It is not necessary to press at every single stage.  Finger pressing – running your thumb along the line of the seam to press it flat works between some stages.

Chain sewing

Chain sewing patchwork

Chain sewing patchwork

Whoever thought of this system deserves a medal.  This applies more to quilting than general sewing.  If you have to sew together a number of squares to make pairs as you build a quilt block, put a separate pile of each colour of square next to your machine.

Taking one square from each pile, sew them together.  At the end of the seam have the next pair of squares ready.Without lifting the machine foot, sew contuously on to the next pair, leaving a small gap from the first pair to the second pair.  Do the same again with the third pair and so on.

When you have finished you will have a chain of pairs of squares joined together by a twisted strand of thread.  No backstitching or knot tying.  Just snip the thread between the pairs of squares.  Miraculous!


That’s the most important point of all.  I find sewing and quilting really therapeutic and it is so satisfying to finish an item that you have made yourself.  Don’t stress if you make a mistake:  quilters don’t make mistakes – they just put in design features.  Chances are that no one else will see your mistake anyway.

The above are just a few brief points that you may find helpful.  Let me know if there are any points you would like clarified or any other points that you would like me to cover.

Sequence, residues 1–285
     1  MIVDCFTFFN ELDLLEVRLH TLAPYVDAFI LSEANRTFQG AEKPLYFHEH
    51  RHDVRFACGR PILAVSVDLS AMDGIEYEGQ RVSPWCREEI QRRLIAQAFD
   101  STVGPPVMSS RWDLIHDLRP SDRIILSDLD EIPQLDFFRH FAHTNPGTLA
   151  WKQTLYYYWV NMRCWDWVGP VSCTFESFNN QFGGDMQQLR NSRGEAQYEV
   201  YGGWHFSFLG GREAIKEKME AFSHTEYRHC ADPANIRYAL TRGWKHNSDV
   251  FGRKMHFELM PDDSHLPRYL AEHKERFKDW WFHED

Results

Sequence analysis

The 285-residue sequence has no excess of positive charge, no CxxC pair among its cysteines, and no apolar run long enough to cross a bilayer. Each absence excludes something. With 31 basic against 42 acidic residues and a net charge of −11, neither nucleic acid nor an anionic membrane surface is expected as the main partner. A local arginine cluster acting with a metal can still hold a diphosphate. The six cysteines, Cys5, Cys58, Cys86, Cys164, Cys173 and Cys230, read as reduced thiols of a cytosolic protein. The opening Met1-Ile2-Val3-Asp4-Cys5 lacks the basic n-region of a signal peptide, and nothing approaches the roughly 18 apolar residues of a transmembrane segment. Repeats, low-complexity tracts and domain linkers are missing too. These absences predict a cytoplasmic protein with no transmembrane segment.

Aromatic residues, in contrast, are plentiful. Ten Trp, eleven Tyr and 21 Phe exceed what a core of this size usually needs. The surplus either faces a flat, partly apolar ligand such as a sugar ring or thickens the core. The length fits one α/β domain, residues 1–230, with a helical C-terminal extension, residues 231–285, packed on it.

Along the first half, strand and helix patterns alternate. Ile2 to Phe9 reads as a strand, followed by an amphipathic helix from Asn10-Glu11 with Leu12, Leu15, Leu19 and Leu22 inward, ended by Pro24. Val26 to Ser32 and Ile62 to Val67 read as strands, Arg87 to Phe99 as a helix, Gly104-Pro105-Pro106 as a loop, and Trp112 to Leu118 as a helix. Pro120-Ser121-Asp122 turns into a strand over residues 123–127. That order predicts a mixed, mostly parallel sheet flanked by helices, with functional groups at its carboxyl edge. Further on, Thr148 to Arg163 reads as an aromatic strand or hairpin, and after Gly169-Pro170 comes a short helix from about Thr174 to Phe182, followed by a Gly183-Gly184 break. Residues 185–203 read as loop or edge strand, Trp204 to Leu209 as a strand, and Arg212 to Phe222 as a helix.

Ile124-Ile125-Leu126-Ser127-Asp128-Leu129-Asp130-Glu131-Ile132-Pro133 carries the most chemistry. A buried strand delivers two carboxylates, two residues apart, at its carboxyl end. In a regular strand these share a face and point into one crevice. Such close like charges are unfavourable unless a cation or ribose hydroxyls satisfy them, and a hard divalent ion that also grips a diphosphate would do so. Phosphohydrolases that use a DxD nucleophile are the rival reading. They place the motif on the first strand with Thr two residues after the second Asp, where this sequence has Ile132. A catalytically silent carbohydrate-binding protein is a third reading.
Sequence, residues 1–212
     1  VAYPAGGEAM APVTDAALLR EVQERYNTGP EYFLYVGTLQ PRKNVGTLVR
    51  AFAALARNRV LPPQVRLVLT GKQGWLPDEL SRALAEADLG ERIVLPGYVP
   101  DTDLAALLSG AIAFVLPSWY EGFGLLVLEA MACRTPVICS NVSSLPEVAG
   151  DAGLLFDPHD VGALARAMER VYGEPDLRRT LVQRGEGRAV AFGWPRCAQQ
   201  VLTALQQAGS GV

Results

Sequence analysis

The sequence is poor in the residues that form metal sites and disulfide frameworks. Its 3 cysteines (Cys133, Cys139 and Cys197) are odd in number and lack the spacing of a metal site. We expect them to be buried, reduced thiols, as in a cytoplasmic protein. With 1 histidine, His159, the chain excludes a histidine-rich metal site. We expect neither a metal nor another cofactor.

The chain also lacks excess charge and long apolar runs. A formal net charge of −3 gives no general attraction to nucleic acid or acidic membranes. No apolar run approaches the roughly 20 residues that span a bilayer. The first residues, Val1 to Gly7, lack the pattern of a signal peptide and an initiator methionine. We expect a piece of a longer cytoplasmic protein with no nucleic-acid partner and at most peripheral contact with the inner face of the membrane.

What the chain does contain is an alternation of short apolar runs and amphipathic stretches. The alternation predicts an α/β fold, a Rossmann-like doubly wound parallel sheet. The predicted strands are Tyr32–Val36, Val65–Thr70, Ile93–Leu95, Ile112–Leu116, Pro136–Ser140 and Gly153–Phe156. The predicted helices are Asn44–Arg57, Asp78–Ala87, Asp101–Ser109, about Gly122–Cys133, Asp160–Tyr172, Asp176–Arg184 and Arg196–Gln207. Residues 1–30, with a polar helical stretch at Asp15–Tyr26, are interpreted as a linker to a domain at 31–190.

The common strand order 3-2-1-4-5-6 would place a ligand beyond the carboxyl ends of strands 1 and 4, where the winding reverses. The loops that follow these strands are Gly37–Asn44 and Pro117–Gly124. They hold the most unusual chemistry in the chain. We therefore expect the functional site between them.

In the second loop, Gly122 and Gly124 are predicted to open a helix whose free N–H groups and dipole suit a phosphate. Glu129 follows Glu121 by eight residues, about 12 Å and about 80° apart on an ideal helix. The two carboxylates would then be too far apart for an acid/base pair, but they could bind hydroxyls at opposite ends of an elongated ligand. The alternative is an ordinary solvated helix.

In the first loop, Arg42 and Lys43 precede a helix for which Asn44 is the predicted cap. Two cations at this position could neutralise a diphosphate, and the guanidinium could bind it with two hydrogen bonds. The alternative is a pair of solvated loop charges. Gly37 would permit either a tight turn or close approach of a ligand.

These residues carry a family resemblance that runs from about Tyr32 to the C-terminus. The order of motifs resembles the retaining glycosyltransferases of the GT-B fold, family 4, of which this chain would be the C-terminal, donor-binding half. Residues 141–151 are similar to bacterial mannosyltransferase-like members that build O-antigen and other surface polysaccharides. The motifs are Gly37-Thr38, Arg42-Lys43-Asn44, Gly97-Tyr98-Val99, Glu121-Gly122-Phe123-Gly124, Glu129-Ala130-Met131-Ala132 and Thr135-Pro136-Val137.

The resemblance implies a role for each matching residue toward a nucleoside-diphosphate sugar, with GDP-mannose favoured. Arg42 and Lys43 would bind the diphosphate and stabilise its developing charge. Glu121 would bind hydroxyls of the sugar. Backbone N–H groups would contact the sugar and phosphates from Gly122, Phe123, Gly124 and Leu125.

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  1. I just recently started my first quilt, I am doing a QAYG , queen size. I am over 1/2 finished. The first three rows (9 squares each row) was a struggle as I figured it all out but by the time I started the 4th row everything was going smoothly. Just wanted to offer a little encouragement to other newbies and to tell them to hang in there, If I can do it anyone can and tell you that I just found your site a few days ago and am so glad I joined, You have already helped me with your great tips. Thank you.

    • Well done, Mary, and thanks so much for your comments. I’m sure that many people out there will find them reassuring. You certainly jumped in at the deep end with a queen sized quilt for your first project and I’m so pleased that it is obviously going really well.

  2. Sallie schofield says:

    Hi Rose thanks to all your helpful hints and tips I finally, after a good year of “research”, have been confident enough to place an order for squares to make a king size throw. ?

  3. Susanne says:

    Hello Rose …

    I’ve been sewing, on and off, for years … But very new to quilting. I have one question, for now, though.

    When threading a sewing machine needle, does it matter whether you thread from front-to-back, or back-to-front? This has always been a question in my mind.

    BTW … Love, Love, Love this website! Just recently signed up. Thank you for the tips!